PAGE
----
POWERED BY THE DENTISTRY NETWORK

Objective observations

By Dorothy Garlough, RDH, MPA

"Those who fail to innovate fail!" is a common message. With the changing demographics of dentistry1 and less expendable income within the general public, competition is greater than ever before. As professionals, we know the need for regular dental care, but we often observe many people looking upon regular dental appointments as optional. There is a clear need to become innovative in addressing this new reality. Like 80% of business leaders who see innovation as the number one skill required to maintain and grow their market share, dentists must become innovative.

How can we learn to become innovative? One technique is the "discovery cycle," a powerful tool that can transform problems into solutions and generate new ideas. With the technique, we become more "whole minded," using the entire brain -- the logical left brain and the creative right brain. This article will look at the skill of observation in the discovery cycle. The other skills of the discovery cycle -- questioning, networking, experimenting, incubating, and association -- will be or have been discussed in other articles.

Observation is defined as the active acquisition of information by the actions of watching and listening. Along with experience and reason, observation is recognized as the holy trinity of science. Max Euwe, grandmaster chess world champion, said that "strategy requires thought, tactics require observation." In fact, Procter & Gamble, one of the largest research and development companies globally, has changed its tactics for new products and processes. It has moved its research away from focus to observational research.1 Jeff Bezos, Amazon founder and CEO, recognizes the need for observation as well. As in the TV series, "Undercover Boss," he spends two days every two years working at the customer service desk so that he might have a hands-on experience in observing what is working and what is not working in the company's systems.

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Other articles by Garlough

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As professionals in the dental environment, we need to become intense observers. Are we watching the world around us, including patients, products, services, technologies, and businesses? Observation will help us gain insight into new ways of doing things. We need to act like anthropologists and build on our understanding of human behavior.2 Do we see a breakdown in communication with the hand-off of patients? Perhaps a patient cannot make his or her follow-up or restorative appointment on the shift of the original caregiver and rebooks with another clinician. Does patient care fall through the cracks because there is no standardization in treatment planning? Maybe you notice that part-time employees are not in the loop with new initiatives discussed at staff meetings when they were not present. How can you innovate to ensure that everyone knows what is going on? Perhaps a bulletin board, an in-house memo, or a member of the team assigned as the office newscaster can correct this breakdown in communication.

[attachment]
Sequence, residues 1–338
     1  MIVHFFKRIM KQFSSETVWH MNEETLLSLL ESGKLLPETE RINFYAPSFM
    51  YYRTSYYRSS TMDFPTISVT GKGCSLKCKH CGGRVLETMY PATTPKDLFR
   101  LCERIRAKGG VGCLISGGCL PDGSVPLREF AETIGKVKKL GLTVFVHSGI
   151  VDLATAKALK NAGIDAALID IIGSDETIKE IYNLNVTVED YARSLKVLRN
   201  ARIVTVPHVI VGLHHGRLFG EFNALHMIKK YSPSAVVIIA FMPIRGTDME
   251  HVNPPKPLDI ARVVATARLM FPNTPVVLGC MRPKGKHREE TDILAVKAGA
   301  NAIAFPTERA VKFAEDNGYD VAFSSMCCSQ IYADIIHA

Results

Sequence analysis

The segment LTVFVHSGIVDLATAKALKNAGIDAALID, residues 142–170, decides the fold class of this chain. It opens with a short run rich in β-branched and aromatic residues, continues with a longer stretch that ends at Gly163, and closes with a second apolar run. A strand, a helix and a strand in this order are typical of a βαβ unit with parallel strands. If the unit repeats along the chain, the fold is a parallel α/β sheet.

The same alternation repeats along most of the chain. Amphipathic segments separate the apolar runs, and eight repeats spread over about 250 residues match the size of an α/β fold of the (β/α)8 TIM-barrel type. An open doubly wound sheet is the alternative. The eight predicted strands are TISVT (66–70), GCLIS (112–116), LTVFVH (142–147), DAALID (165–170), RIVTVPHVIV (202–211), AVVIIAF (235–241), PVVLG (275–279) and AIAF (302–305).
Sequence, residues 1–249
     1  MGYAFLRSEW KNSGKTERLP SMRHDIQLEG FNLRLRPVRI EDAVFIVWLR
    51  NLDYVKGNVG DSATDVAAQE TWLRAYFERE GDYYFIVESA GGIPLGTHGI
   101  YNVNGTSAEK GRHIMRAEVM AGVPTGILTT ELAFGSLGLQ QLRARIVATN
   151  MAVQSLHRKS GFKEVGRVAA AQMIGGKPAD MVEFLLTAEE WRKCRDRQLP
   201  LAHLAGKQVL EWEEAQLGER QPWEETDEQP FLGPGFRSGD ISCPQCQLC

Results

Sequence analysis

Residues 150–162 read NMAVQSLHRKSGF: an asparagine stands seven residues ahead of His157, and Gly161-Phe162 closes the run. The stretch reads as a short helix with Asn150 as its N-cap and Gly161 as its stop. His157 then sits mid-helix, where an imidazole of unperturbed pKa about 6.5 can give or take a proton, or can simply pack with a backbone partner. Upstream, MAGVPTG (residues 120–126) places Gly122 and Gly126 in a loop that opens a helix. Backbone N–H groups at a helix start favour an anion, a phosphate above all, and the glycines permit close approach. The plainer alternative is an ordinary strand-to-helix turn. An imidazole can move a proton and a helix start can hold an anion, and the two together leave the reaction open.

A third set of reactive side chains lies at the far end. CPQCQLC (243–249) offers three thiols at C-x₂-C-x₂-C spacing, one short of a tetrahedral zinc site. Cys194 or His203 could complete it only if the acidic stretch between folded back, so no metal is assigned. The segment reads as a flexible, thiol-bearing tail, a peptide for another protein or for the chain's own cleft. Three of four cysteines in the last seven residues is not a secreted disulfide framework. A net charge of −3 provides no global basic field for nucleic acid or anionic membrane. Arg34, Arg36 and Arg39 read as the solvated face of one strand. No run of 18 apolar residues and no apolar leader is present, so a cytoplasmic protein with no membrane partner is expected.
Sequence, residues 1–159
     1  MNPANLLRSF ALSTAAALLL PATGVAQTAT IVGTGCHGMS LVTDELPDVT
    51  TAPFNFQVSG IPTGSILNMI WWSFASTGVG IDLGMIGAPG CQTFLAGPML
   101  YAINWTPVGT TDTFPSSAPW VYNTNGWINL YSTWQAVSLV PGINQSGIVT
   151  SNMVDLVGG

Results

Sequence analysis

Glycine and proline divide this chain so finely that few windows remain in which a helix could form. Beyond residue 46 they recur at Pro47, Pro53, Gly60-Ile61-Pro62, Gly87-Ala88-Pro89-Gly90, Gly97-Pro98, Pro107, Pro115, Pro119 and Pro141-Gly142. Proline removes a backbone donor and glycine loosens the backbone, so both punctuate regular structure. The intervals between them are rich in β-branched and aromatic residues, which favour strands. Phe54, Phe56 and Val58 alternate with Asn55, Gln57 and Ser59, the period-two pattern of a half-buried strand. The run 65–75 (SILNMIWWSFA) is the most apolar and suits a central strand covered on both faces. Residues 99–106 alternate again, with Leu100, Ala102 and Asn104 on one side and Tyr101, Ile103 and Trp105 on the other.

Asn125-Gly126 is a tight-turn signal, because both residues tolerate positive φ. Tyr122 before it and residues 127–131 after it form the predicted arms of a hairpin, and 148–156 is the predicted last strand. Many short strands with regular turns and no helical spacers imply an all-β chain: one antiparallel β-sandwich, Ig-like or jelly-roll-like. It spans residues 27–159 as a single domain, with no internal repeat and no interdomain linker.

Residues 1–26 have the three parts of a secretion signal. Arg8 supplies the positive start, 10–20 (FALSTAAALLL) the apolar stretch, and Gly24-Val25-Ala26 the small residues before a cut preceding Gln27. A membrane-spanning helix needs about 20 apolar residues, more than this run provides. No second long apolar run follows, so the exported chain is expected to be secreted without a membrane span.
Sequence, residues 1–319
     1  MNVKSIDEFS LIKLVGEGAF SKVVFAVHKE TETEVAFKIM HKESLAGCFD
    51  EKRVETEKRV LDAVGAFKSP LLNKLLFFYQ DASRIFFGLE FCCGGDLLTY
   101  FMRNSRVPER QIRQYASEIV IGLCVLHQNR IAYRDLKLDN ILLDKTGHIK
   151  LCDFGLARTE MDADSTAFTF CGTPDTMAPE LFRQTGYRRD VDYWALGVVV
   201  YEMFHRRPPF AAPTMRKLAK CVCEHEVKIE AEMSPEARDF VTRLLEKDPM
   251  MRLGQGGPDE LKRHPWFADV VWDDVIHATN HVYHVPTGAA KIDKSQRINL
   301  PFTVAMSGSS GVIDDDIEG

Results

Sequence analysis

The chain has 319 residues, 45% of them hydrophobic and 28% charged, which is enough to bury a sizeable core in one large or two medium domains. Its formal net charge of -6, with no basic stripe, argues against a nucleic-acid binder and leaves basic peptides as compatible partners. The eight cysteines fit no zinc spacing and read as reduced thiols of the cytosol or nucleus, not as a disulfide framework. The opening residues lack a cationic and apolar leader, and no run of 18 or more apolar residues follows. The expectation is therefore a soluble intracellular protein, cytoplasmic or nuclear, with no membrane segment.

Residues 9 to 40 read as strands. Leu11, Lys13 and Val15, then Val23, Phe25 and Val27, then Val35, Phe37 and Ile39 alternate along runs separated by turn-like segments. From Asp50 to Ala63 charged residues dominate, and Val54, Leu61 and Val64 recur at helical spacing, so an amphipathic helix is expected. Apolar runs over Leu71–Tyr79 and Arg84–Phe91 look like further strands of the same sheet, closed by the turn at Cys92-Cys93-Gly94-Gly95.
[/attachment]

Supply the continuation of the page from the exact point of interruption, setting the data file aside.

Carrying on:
Innovators examine everything, paying attention to how things work, to what doesn't work, and why.3 Innovators study how people solve problems. They find common threads in activities that, although seemingly unconnected at first, aren't. They notice how different people do the same job in different contexts. An effective observer tries to spot people who have developed creative "workarounds" to solve problems. A workaround is an innovative way to resolve a particular frustration.

Note what frustrates your patients about their dental experiences. Maybe you observe they are not rebooking as they finish one appointment and wish they had the convenience of online booking. Where do your patients need help? What makes them abandon your office in favor of a competing office?

Heighten your powers of observation by changing your environment. Perhaps work out of a different operatory to see what works and what doesn't work in your fellow hygienist's usual operatory. Shift your focus: Watch workers, then patients, then entire organizations. Enhance your observational skills by documenting the how and why of failed innovations.